Making Your Non-Profit Survive the Pandemic

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Over time, non-profits have earned a bit of a negative connotation. For one, people prefer not to work there as they think there’s no income for them. While that may be true if you’re a volunteer for a non-profit community event such as feeding for hobos or an educational outreach where you teach poor kids, most workers in a non-profit are paid — the manager including.

In fact, a non-profit is actually a misnomer. The organization can rack up profits. It just cannot use such wealth to enrich an individual or a private interest.

With that said, the biggest challenge a non-profit organization faces is keeping itself standing. Like any corporation or business, a non-profit must find its way to be able to last and not fold. That certainly is never a walk in the park at any time of the year. But that holds a greater burden these days when the virus is still pummeling America.

The truth of the matter is one-third of the nation’s non-profit organizations are expected to fold during the pandemic, driven by the grave challenges the virus has created.

But don’t lose hope just yet. Expert advice should allow your non-profit to evade the jaws of extinction. And instead, thrive even with all the noise and the chaos mounting. While your worries may be to get your organization afloat, people have a great worry: their lives. And if you’re not careful, your organization can be torn in half by a lack of your proactive mindset or foresight.


There’s no denying it, COVID-19 is wreaking havoc in America. The amount of fear generated by the virus has caused countless American sleepless nights and untold mental health issues. Thus while the virus may not have affected any of your workers drastically in terms of healthy, let it be known that your organization puts their safety top priority.

Be careful though. Certain drastic measures such as social distancing and the wearing of masks can be divisive. Different people will react to it differently. But letting everyone know that it’s not for one person’s good that health protocols are set, but for everybody’s then everyone should follow.

Take note that good leaders are problem solvers. But great ones anticipate problems before they materialize. You greater resource is to do your due diligence and brainstorm possible scenarios before things get out of hand.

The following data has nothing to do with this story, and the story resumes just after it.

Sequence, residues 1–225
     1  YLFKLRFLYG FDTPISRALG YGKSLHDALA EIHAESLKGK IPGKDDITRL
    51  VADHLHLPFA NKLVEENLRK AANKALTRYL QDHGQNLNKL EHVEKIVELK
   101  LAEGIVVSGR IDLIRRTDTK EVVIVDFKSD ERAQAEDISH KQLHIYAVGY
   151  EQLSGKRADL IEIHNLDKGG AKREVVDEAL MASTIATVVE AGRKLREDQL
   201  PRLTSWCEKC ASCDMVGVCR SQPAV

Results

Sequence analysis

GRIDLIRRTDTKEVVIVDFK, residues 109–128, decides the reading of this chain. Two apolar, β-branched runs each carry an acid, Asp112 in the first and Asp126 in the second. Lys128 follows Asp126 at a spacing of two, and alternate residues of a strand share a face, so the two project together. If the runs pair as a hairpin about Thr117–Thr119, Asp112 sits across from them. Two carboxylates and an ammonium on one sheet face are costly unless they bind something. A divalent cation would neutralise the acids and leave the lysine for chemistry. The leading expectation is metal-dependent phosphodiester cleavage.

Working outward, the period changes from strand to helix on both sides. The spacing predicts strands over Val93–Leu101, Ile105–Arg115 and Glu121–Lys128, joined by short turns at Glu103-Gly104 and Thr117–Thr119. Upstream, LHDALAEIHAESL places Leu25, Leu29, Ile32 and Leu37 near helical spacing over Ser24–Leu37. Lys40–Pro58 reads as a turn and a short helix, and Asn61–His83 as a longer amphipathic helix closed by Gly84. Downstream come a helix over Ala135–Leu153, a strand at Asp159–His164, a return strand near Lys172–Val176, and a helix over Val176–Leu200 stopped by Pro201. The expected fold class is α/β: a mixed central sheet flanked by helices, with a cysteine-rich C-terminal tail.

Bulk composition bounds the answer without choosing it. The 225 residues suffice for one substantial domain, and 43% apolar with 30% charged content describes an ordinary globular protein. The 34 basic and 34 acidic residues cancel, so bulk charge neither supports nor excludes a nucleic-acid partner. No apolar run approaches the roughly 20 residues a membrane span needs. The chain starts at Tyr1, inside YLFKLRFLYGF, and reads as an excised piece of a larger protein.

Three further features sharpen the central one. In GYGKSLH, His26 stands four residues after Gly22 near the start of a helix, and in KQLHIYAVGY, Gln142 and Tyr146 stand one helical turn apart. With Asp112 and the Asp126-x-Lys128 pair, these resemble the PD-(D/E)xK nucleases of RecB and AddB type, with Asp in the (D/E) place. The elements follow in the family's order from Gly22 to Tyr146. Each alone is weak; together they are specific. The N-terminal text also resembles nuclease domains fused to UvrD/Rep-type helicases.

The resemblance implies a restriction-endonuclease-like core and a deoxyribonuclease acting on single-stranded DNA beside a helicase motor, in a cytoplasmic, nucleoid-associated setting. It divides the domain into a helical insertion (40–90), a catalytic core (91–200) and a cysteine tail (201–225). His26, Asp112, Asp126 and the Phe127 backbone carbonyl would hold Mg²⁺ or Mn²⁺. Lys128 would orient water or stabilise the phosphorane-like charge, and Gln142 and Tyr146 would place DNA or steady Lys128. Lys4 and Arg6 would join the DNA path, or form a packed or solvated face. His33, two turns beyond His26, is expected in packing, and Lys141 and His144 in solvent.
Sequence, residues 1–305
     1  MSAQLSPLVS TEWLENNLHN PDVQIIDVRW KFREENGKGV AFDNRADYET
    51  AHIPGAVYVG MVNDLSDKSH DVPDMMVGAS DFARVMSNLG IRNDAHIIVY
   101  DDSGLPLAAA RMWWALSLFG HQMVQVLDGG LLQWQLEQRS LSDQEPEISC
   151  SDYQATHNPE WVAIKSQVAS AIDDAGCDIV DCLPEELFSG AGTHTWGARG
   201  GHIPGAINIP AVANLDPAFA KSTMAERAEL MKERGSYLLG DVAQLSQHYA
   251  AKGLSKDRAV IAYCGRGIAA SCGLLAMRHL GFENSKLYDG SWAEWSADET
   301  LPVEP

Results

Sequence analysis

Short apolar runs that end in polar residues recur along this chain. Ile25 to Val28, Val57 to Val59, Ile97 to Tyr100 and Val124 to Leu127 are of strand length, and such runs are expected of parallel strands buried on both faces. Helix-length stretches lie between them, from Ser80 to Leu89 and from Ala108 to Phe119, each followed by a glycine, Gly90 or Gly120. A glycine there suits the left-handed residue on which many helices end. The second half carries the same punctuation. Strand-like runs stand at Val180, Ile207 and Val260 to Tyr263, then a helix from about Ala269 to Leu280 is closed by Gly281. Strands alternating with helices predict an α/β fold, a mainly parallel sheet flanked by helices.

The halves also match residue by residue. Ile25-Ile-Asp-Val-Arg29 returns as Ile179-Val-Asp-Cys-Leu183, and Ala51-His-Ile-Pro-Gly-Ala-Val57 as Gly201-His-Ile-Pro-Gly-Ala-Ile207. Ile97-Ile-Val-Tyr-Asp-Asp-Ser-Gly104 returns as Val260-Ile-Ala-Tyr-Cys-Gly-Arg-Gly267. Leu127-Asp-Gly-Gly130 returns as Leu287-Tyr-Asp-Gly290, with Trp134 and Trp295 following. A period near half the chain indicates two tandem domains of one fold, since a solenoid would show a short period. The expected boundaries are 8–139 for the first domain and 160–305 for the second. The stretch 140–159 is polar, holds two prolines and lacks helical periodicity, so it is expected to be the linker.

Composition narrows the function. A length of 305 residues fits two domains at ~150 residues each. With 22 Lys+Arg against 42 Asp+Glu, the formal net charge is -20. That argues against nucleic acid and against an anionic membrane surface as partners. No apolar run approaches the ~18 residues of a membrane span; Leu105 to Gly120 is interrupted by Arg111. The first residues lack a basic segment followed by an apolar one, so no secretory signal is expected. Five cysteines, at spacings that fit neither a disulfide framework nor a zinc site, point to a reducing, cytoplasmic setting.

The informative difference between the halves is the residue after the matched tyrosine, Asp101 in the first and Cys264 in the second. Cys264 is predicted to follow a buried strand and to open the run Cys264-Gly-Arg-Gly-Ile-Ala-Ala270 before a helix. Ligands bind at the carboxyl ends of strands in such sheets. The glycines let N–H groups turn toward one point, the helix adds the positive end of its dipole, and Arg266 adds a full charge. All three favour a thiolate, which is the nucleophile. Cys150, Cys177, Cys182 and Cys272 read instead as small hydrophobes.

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Indeed, this is not the time to be timid in the handling of your finances. If you don’t face the reality now, sooner rather than later your organization is going down. In this regard, you can’t bury your head in the sand like a proverbial ostrich and behave like the problem of the purse is going to go away.

Thus, if you’re operational budget is taking a dip, then you have to be brutally honest with your sponsors and donors. It’s better they know you’re not doing well now while your non-profit still stands than for them to hear about your demise in the papers or in social media.

You may find it hard to ask but as a professional, it’s the mature thing to do. If you really can’t find the strength to go around talking to your sponsors, then take it up to the board. Pretty sure, your board will find these things to be paramount and find ways (assuming they won’t fire you).

Or you can find strength in your cause. Think about all the people who will go hungry if your organization folds.

This is why lead generation is a must for non-profits. Unlike private businesses, many non-profits operate on a shoestring budget. If you don’t do lead generation to raise needed awareness, finding people who will join your cause to donate or give their time and volunteer would be an uphill climb.

If you’re struggling, zeroing in on tried-and-tested lead generation service companies is wise. Not only does the right company help generate leads for you but also they can bring in quality donors and customers for life.


Now is the time to be bold. Just look at how businesses and various institutions have been postponing their digital adaption. Many feel it’s not really urgent. But when the virus came, everything changed. Not having an online presence constitutes a death blow.

By the same token, evaluate your organization to stay lean. If you have not digitally adapted, then it’s about time you should. You can start with a Facebook page while you’re looking at ways to build your website.

In addition, look at your manpower. Are there ways to boost your ranks without adding expense? One thing people have during the pandemics is lots of time. Why don’t you tap into the millennial market? It’s highly likely many of them want to help. Now could be the best time to ask.

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